This series of photographs was taken during the 1965 airborne magnetic survey of the Nordic countries and the Greenland Sea. This 1965 survey was the first carried out with the redesigned 3-component airborne magnetometer. Also, for the first time, a proton precession magnetometer was installed in a "stinger" at the rear of the aircraft.
For an enlarged view of the images, click on it.
Weldy Hannaford using a servo-stabilized periscopic sextant to take observations of the sun or stars. These were taken approximately every 30 minutes to determine the position of the aircraft and the heading of the directional gyro with respect to true north.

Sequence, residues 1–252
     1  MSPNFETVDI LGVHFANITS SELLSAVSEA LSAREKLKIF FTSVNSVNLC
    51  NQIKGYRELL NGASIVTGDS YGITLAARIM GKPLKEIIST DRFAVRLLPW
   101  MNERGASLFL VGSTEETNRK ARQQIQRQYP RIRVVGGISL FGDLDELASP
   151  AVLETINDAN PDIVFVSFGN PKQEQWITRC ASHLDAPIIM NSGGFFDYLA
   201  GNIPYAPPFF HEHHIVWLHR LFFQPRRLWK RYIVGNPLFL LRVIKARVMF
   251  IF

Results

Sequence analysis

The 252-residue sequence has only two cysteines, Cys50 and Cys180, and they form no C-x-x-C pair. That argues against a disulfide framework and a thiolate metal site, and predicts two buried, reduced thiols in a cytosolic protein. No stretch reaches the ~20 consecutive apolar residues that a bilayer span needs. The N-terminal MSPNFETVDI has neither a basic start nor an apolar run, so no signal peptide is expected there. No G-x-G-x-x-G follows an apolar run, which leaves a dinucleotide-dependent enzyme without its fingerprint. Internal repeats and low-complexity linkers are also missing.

George Carr operating the Decca navigation system (top of rack) and the Doppler radar system (Bottom).
George Carr (left) and a technician from CDC (the manufacturer of the instrument) installing a Doppler radar unit in the DC6. The Doppler unit gave the ground speed and drift angle of the aircraft.
Paul Serson (seated) and Frede Andersen installing the Precision Instrument digital tape recorder, which recorded average values every five minutes.
Frede Andersen at the control console for the fluxgate and proton precession magnetometers. Frede Andersen at the control console for the fluxgate and proton precession magnetometers.